The soil of your property has a large bearing on the types of trees you can successfully grow and on what you might need to add to your soil when gardening. In this article we will take some technical measurements of Indooroopilly’s and Taringa’s soil and try to put them in simple terms for their effect on your gardening.
The most important factor in Indooroopilly and Taringa is probably the shallowness of the soil. There simply isn’t much there. CSIRO maps suggest there is only 1-1.25m of soil in which tree roots can grow, and if your house is on a hilly site it’s likely to be even less.
What’s more, the soil that is there isn’t very fertile. It’s made up of about half sand which doesn’t hold soil nutrients very well and can’t hold water. In more built up areas and closer to the Brisbane River it’s up to 80% sand.
To increase fertility topsoil can be imported. Good quality garden soil from a landscape yard will have sufficient nutrients and have better properties than native Indooroopilly soils.
Also, you can add a thick (~100mm) layer of woodchip. Woodchip helps supply nutrients to the soil and also improves the environment for soil microorganisms. They in turn give your soil better structure.
Fertilising with Nitrogen is fraught with problems as it tends to acidify your soil. On the other hand, Indooroopilly soils really can do with other nutrients added. We tend to recommend a good general fertilizer low in Nitrogen as the mulch will add enough of it when it breaks down. It will also do wonders for the soil’s structure.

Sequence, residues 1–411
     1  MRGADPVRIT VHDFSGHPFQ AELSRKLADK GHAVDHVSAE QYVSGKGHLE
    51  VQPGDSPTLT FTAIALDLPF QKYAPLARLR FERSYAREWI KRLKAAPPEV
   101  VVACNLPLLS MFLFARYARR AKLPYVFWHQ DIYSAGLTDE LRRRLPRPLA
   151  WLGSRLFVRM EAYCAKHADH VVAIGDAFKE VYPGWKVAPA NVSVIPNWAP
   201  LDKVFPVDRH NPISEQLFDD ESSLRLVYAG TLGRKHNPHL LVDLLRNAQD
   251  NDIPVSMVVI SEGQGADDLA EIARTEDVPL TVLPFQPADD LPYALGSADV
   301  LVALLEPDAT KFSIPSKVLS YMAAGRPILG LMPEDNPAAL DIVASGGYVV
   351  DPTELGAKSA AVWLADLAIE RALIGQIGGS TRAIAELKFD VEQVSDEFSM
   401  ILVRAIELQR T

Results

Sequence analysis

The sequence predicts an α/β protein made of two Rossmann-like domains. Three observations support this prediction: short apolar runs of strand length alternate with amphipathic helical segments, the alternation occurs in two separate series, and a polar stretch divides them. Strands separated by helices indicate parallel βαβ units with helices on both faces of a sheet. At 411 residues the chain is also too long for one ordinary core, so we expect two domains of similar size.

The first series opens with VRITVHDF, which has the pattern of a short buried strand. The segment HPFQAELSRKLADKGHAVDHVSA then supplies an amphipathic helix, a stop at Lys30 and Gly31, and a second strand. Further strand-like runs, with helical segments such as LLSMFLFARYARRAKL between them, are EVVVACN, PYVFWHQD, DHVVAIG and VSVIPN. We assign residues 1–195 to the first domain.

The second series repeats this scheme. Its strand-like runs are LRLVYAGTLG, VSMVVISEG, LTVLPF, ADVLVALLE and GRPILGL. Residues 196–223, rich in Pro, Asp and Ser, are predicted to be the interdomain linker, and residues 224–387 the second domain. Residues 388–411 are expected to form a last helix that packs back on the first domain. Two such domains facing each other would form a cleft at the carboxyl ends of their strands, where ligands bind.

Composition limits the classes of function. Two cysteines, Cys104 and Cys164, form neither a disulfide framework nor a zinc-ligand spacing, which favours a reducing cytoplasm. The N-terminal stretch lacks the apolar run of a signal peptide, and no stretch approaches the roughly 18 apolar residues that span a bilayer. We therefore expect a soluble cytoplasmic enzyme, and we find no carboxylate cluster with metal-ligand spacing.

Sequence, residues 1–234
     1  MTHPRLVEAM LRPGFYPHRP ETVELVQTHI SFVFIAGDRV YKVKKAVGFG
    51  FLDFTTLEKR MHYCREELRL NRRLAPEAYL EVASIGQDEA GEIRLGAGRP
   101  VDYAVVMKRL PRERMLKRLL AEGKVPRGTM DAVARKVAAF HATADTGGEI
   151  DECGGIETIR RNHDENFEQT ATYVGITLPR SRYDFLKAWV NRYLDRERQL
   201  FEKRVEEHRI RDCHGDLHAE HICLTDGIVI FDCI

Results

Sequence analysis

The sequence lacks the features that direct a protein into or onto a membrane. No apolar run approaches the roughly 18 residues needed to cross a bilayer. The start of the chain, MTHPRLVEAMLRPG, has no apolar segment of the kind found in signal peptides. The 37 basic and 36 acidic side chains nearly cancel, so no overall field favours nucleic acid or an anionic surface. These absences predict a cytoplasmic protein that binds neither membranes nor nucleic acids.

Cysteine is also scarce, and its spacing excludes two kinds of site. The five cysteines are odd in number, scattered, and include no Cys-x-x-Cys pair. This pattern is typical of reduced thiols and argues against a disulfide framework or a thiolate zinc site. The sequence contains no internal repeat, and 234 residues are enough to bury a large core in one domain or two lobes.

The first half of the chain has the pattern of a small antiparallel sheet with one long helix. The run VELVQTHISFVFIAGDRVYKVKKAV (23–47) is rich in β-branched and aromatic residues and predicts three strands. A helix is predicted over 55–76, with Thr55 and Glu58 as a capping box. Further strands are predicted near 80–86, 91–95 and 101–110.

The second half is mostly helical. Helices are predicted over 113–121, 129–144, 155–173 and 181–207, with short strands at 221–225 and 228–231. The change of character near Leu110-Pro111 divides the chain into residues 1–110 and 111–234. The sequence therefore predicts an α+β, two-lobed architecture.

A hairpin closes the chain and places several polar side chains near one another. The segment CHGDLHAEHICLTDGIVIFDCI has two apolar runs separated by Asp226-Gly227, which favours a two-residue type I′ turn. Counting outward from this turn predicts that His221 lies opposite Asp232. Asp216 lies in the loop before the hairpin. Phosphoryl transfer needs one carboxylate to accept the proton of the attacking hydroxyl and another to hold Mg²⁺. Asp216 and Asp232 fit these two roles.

Soil structure refers to how well soil holds together in clumps. That’s important because the clumps allow spaces for air and water to seep into the ground, and trees and plants need both at their roots.
That brings us to compaction. Indooroopilly soils are often compacted. This may be because of acid sulfate soils in the lower lying parts of Taringa and Indooroopilly (on the eastern sides of both suburbs) or, more likely, from sodicity. Sodic soils are high in Sodium (not to be confused with saline soils which are high in sodium chloride). The best additives for sodic soils are Gypsum and mulch.
The best treatment for trees in compacted soils is vertical mulching. Vertical mulching is mixing grains of a large size into the soil in cores which we remove from your soil. If you think your ground is compacted we recommend you contact us for an assessment of your property’s soil.
The final issue with Indooroopilly’s soil is the acidity of the soil solution. It is quite acidic with a pH of around 4.9-5.5, except on the eastern side of Indooroopilly where it drops to around 4. Adding lime to your soil will greatly help increase the pH of your soil, but it does take time. Alternatively, you can grow acid-loving plants such as Azaleas or, even better, local Australian native plants and trees which are suited to the soil type.
Here is a list from Paten Park Nursery:
Small trees native to Indooroopilly and Taringa:
creek lilly pilly Acmena smithii Edible fruit, good drainage
foambark tree Jagera pseudorhus Pink flowers
native guava Rhodomyrtus psidioides Its small fruits attract birds
yellow boxwood Acronychia laevis rainforest tree of Mt Coot-tha foothills.
Pink bloodwood Corymbia intermedia Beautiful bark, closely related to the larger gums.
Blue quandong Eleocarpis grandis Attractive blue fruit, attracts parrots.
A final suggestion for selecting the trees you grow around Indooroopilly and Taringa is to get rid of those weeds. Chinese elms are particularly common in the area, and there are plenty of cocos palms that still need removing. Both are invading local bushland and end up effecting our beautiful native fauna.
Is anything in Garden Soils of Indooroopilly and Taringa wrong? We love correction. Please let us know here.
- Soil and Landscape grid of Australia
- BCC interactive mapping
- Paten Park Nursery